Woman says her nephew’s disappearance not taken seriously by Thunder Bay, Ont., police
An inquest into the deaths of seven First Nations students in Thunder Bay, Ont., is providing a preview of concerns that could be raised at a national inquiry into missing and murdered indigenous women, says a lawyer for the Nishnawbe Aski Nation.
The inquest, one of the largest in Ontario’s history, started on Oct. 5 and is scheduled to run to March 2016.
It’s looking at the deaths of students who died between 2000 and 2011 while attending high school in Thunder Bay. Few remote First Nations in northern Ontario have schools that go beyond Grade 10.
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“Sadly there’s a theme — less than worthy victims,” lawyer Julian Falconer said after cross-examining an officer with the Thunder Bay police at the inquest.
“It’s a theme that ties into not just this case but the entire picture around missing and murdered indigenous women and girls: less than worthy victims, I can sadly say this is part of that bigger picture,” he said.
The retired police officer testified at the inquest that Thunder Bay police did not launch a criminal investigation into the death of Jethro Anderson until six days after he was reported missing in October 2000.
The body of the 15-year-old was pulled from the Kaministiquia River in Thunder Bay on Nov. 11, 2000, nearly two weeks after he disappeared.
Anderson, from Kasabonika Lake First Nation, was staying with his aunt, Dora Morris, while he attended the First Nations high school in Thunder Bay.
Morris told the inquest that she called Thunder Bay police about her nephew’s disappearance within hours of him missing curfew, but her concerns were not taken seriously.
“I called every day just to ask if they had any leads,” Morris told CBC News in an interview after she testified. “And every time I called, the answer was always, ‘He’s just out there partying like any native kid,’ those kind of comments.”
The comments, along with a police news release saying no foul play was suspected in Anderson’s death sent out prior to a post-mortem, show police had “tunnel vision” when it came to the investigation, Falconer said at the inquest.
“The police have a tendency to default to a drowning and liquor scenario, literally, almost automatically,” Falconer said of the investigations of five students whose bodies were pulled from local rivers, as well as other similar recent deaths of First Nations people.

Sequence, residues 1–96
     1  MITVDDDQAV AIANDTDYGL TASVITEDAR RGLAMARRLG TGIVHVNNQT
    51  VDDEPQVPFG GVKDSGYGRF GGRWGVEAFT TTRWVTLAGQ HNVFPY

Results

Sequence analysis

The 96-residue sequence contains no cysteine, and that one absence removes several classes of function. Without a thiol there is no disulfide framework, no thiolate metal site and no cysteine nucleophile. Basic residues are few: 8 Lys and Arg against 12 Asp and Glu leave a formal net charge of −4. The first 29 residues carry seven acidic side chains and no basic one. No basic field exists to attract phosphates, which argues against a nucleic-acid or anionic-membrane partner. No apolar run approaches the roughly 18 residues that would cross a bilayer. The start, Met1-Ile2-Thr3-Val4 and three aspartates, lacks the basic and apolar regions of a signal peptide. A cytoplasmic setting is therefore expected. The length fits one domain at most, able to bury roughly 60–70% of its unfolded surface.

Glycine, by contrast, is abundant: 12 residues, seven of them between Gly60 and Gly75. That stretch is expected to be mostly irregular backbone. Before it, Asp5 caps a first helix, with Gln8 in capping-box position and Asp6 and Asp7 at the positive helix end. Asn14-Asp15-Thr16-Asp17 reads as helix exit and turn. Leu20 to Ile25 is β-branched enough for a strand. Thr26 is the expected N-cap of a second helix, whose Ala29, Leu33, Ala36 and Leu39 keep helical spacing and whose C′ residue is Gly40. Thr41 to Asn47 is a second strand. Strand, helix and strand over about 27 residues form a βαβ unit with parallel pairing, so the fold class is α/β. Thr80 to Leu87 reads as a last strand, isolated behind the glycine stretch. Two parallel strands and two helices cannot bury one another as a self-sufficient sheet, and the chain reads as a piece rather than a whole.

Detective Sgt. Allan Shorrock, now retired, denied the allegation that investigators he supervised had tunnel vision.
Morris said she still does not believe the police conclusion that her nephew drowned, but she’s uncertain whether the inquest will solve the mystery she believes still exists surrounding his death.
‘Start searching right away’
She hopes, however, that by speaking out changes will be made to keep First Nations youth safe in the city.
“Like if things happen like this again, that they would start searching right away and do investigations,” she said.
Falconer, who represents the Nishnawbe Aski Nation, said the revelations that have already come out at the First Nations student deaths inquest point to the need for a regional component in a national inquiry into missing and murdered indigenous women.
“Thunder Bay is a perfect example,” he said. “We need to have a local process for identifying the deaths and asking the kinds of tough questions that were asked today, [because] aboriginal communities continue to be concerned that when something happens to their people, it’s not treated with the same gravity or importance.”
In their election platform, the Liberals committed to “immediately” launch a national public inquiry into missing and murdered indigenous women and girls in Canada.
The party said it would seek recommendations for governments, law enforcement and others to help “solve these crimes and prevent future ones.” It also promised to spend $40 million on the study over two years.